After Louisiana Governor Bobby Jindal vetoed $100,000 funding for the Council for the Development of French in Louisiana (CODOFIL) during last year’s budget vetoes, French-speaking state lawmakers sought new ways to promote Louisiana’s francophone heritage.
In the recently ended legislative session, that bipartisan group of lawmakers filed and won passage of bills that celebrate the state’s Cajun culture and French roots. The measures promote language immersion programs at public schools, raise funds for CODOFIL, and allow Cajuns to stamp their heritage on their license plates and driver’s licenses.
“People who don’t speak French but come from a French background, a lot of people want to see it passed on to their children. They want to still be able to go to the festivals and hear the music,” Rep. Stephen Ortego, D-Carencro, said.
Louisiana drivers will now be able to get “I’m a Cajun” stamped on their driver’s licenses for a $5 annual fee, or new license plates declaring “I’m Cajun... and proud” or “I’m a Creole... and proud” for an extra $15 a year. Fees will go to CODOFIL to pay for scholarships through a program that trains new French teachers for Louisiana schools.
The most far-reaching legislation creates the Immersion School Choice Act, which sets up a parent-trigger law to establish programs that teach public school children in another language, usually French or Spanish.
The bill will require local school boards to create a dual-language immersion program for students if parents of at least 25 kindergarten students in the school district sign a petition seeking the program. For the law to kick in, qualified teachers also will have to be available — and no other immersion program can already exist in the district.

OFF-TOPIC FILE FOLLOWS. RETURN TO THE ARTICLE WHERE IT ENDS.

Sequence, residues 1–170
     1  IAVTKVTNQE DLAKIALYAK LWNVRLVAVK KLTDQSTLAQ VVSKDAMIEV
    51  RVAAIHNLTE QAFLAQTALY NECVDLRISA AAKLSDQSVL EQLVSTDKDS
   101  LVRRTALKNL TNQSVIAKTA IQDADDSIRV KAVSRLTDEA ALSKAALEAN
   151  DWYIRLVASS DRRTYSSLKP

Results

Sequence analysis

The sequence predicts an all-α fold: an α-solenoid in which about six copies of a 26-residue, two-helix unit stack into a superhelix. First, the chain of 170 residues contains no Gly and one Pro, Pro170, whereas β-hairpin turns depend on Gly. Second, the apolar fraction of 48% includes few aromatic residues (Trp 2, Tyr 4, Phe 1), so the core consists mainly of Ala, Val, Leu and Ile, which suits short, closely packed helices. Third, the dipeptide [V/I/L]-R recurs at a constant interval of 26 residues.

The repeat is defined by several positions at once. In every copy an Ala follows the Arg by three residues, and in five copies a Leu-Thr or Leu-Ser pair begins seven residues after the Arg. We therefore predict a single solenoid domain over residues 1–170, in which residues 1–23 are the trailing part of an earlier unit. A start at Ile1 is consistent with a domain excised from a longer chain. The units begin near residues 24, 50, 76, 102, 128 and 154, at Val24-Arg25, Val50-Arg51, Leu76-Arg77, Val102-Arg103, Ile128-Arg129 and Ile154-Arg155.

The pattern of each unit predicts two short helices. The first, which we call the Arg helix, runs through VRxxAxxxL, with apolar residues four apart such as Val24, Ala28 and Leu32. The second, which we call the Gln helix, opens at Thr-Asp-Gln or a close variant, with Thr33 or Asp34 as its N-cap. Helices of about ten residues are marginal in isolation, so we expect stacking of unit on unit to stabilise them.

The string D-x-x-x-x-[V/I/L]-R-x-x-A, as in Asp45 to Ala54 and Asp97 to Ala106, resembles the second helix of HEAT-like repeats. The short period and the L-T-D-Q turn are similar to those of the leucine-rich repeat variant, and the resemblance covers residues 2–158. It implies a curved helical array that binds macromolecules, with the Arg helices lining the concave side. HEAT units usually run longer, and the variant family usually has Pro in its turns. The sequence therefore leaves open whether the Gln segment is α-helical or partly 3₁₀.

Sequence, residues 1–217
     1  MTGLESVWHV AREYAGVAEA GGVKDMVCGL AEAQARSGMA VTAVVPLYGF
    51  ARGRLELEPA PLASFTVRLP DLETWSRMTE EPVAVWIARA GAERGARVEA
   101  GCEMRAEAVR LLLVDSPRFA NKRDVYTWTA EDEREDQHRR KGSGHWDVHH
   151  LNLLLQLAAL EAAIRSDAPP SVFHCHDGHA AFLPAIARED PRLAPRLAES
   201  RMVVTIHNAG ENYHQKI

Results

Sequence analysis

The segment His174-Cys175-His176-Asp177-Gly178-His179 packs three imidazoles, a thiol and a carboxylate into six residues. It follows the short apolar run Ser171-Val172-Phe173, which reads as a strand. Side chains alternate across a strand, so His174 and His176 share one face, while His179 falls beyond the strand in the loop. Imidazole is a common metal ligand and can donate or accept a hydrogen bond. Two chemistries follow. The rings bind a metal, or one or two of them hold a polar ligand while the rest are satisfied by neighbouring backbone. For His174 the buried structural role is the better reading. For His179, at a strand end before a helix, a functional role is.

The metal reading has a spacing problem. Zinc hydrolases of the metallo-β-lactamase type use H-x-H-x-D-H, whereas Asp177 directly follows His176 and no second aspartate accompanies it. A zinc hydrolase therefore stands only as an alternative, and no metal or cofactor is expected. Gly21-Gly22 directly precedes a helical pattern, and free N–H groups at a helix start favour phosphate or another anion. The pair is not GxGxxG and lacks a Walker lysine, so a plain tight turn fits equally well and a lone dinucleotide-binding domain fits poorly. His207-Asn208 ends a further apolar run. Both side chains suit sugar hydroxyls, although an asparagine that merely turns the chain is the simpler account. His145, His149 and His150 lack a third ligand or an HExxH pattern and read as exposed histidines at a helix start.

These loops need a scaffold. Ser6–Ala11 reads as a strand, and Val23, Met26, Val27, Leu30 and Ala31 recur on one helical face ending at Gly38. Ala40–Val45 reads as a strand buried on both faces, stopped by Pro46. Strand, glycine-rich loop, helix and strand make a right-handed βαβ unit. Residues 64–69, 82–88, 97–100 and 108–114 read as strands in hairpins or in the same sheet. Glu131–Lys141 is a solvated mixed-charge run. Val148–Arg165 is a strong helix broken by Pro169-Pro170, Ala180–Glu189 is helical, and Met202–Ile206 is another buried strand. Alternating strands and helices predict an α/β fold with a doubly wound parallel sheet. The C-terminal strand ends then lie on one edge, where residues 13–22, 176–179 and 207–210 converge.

The first such programs could start as early as next fall. Louisiana has 5,000 students enrolled in dual-language immersion programs (28 French, ten Spanish, and one Chinese).
Legislative approval came despite opposition from local school board officials and superintendents who said while the programs show strong academic value, forcing districts to create them adds a new expense they cannot afford.
Governor Jindal vetoed a bill requiring the state transportation department to ask federal officials to let Louisiana issue bilingual highway signs. He supports allowing such signs to include French, but disagreed with allowing signs to include other languages. Therefore, he issued an executive order asking the transportation department to follow the bill’s approach, but with restrictions that bilingual signs only include French.